Archive for ‘Risk’

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Risky Job Changes

Risk is always a consideration when changing jobs. What are the downsides of making this move and is this a risky move for me?gambling

Usually when you hear the word risk, reward is not far behind. With job change, the reward does not necessarily increase along with the risk.

So first, let’s look at what the downside could be when making a job change. First we should note that when someone is just getting going in their career, there really isn’t much risk to any job move you make.

1. low job security: Once you realize that your job security is not provided by the company you work for you will realize that a job change is not risky in that sense. Your job security is derived from your skills and value in the market. If a company is having financial problems, you can move along if you have built up your career equity. The risk is more about the fact that it is a pain and inconvenient to look for another job when you weren’t planning on doing so.

2. skill atrophy: For example, if you move to a company that is using legacy or proprietary technology then the risk is that you are limiting your options in the market and not growing your knowledge and skill set. Interestingly, skills can atrophy if you stay at the same job too long as well.

3. network dilution: If you are the best performer in your group or company and no one challenges you or motivates you to higher performance you risk losing your “edge”. Cultivating a network where you are the star does not provide you with the kind of reference network that will increase your value in the market. Chances are you will sink to the level of your peers if you stay around them too long. The risk is that your value will decrease with the quality of your references.

The other kind of risks are related to the “fit” of the specific job change you are considering. In this case both you and the company have risks.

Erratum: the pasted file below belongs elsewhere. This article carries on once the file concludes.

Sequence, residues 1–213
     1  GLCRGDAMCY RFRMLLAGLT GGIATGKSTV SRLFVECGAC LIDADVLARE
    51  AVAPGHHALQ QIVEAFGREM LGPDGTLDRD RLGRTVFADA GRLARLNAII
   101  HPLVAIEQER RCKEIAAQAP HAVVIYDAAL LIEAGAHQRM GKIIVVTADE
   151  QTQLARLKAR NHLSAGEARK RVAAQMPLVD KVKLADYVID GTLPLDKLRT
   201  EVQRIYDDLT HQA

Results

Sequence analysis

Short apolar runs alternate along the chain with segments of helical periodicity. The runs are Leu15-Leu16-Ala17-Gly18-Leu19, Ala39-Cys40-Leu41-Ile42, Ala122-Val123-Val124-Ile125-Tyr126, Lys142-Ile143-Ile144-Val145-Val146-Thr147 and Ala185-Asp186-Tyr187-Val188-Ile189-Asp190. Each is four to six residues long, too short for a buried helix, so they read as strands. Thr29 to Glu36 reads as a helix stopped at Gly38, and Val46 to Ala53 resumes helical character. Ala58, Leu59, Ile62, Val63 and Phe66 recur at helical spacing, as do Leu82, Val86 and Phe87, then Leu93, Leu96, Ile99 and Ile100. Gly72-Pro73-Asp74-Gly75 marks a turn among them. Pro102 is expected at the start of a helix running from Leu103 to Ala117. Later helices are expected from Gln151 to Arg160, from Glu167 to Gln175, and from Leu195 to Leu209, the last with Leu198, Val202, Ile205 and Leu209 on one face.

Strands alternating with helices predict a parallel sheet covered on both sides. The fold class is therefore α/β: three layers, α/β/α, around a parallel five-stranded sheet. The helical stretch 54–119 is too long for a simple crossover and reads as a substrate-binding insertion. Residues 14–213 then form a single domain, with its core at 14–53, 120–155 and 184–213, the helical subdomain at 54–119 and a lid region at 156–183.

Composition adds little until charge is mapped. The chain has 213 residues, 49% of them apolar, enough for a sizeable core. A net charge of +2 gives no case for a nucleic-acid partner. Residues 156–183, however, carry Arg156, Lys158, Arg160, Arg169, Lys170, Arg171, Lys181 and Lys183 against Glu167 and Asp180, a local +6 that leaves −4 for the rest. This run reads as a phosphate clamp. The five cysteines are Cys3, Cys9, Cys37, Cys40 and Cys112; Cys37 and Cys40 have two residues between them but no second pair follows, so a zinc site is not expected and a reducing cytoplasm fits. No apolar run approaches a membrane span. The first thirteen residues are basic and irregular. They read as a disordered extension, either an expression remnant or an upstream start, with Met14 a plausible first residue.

The important relationship to consider is the inverse relationship between a risk hire and the quality of the company. Companies assume risk when they hire someone to do a job they have never done before. The risk is; will the new hire be successful at the new position, will they come up to speed soon enough and how much resources will be required to get them productive. If you analyze why a company would offer you a “risk fit” job, at some point you will ask the question, why couldn’t they hire someone that is qualified for that job? The answer will be that the quality of the company cannot attract qualified candidates.

The risk to you is similar, will I be able to perform this job at a high level? A case can be made that a good strategy is to move to a new company in a position that you know you will excell. Then grow into new roles and responsibilities once you are a known performer and the promotion can be done with less risk on both sides.

The point is not that you shouldn’t make risk moves, sometimes it works, but be aware of what you are getting into by taking a job you have never done before.

In general, great companies hire people that are qualified and a company that gives you a promotion and a job you have never done, may have some downside issues to be aware of.

So risk can be managed by understanding the downsides and the factors involved in a job change. With this knowledge you can make the decisions that will minimize your risk appropriate to the goals you are trying to achieve.

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A Big Company can offer Job Stability?

Tricycles are stable, but roller blades are so much more fun. Big Companies do not provide job security

Your value in the market provides your security. If you pay attention to building career equity, you can be secure with the fact that you can move on when you choose.

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Is Working at a Start Up better for my career than a Large Company?

We believe that a start up increases career equity more than a larger company. Value is somewhat based on perception, and the perception in the market is that only the top 20 percentile quality people can work at a start up.

Data Points:

Working with people better than you brings out your best.

Which reference do you think will be more valuable? Paul Buchheit or Joe Blow from Acme Big Company?

You get more experience and have more accountability at a start up, which translates to more accomplishments.

Start ups are typically ahead of the curve with respect to up to date tools and technology. The more leading edge your skill set the less people to compete with and therefore more opportunities.

Bottom Line: If you are motivated to get up in the morning and get to work on your project, you are in a good situation. But for maximum career value, work in a start up.